The firm operating the Paris subway has come under fire for apparently pushing France's beloved secularity too far with its refusal to display an ad with the mention "Christians of the East."
French music group "The Priests" had planned to advertise their upcoming June concert in Paris with a poster sporting a banner that said proceeds would go towards the cause of Christians persecuted in places such as Iraq and Syria.
But the state-owned RATP firm that operates the subway and its advertising agency Metrobus ordered the group's producers to take off the banner, pointing in a statement issued last week to the public service's requirement for neutrality "in the context of an armed conflict abroad."
But Jean-Michel Di Falco Leandri, the bishop who created "The Priests", told AFP that Metrobus had previously explained the ban on the banner was due to "the religious nature of the mention 'Christians of the East'," and the ad was published without it.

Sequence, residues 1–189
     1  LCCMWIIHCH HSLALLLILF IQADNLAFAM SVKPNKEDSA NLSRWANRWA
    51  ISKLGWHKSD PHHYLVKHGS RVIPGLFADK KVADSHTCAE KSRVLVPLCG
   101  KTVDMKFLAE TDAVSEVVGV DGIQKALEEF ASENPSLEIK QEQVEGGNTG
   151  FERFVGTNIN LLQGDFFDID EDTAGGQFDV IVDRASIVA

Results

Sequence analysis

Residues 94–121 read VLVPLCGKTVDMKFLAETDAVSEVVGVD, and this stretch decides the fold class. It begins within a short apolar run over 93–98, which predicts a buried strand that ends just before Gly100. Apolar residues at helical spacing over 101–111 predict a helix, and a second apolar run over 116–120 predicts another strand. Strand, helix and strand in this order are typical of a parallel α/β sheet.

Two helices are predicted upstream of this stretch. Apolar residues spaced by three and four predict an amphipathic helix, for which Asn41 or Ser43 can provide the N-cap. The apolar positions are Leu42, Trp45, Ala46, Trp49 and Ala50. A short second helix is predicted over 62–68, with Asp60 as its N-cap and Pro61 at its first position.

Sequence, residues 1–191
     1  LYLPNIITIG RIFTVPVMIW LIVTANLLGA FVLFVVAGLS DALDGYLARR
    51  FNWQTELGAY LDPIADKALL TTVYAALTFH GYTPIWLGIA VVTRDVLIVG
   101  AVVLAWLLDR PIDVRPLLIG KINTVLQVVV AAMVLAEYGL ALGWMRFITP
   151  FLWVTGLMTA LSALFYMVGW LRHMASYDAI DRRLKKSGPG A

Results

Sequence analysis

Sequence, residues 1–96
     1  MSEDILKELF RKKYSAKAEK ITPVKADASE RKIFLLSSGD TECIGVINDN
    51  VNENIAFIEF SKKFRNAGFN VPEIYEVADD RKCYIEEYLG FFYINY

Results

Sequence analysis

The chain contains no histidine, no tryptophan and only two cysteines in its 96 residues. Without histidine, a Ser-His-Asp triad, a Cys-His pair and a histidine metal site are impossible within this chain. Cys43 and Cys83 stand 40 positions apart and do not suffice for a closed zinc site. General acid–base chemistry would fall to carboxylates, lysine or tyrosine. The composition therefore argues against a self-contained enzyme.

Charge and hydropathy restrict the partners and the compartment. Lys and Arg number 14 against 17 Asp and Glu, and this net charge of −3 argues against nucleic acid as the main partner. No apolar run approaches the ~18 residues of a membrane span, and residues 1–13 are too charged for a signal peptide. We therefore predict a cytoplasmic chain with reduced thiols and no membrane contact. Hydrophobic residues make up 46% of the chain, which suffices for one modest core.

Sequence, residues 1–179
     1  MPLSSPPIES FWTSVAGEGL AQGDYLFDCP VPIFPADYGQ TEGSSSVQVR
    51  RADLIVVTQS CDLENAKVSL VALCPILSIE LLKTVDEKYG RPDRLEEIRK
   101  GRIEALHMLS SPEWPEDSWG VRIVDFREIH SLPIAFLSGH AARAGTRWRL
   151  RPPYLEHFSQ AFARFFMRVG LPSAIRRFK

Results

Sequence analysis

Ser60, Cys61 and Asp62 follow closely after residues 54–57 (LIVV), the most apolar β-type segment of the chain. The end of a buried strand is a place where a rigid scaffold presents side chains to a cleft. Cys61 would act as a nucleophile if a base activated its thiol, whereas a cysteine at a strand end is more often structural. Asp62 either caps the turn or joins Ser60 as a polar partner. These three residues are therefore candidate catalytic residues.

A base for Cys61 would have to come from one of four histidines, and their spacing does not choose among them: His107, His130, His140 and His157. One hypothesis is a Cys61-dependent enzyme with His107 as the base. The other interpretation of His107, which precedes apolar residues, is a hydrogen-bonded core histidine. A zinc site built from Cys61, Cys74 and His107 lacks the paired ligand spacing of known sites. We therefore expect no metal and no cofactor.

France is a deeply secular country where the state and religion are strictly separated.
But the RATP's censorship move has nevertheless created a stir, with some netizens pointing out that while mentioning "Christians" appears to be banned, the subway operator allowed an ad promoting an extra-marital affairs website.
"One must not confuse secularity, which we respect, with secular extremism which becomes a grotesque and ridiculous witch hunt," Di Falco Leandri said.
CHREDO, a French group that aims to raise awareness of the plight of Christians in areas such as the Middle East -- where they are currently being persecuted by jihadist groups -- has since asked a court to rule on the controversy and a hearing will take place on Wednesday.
France's upper house Senate, meanwhile, has also announced it will audition those at the RATP responsible for the decision not to run the ads with the banner.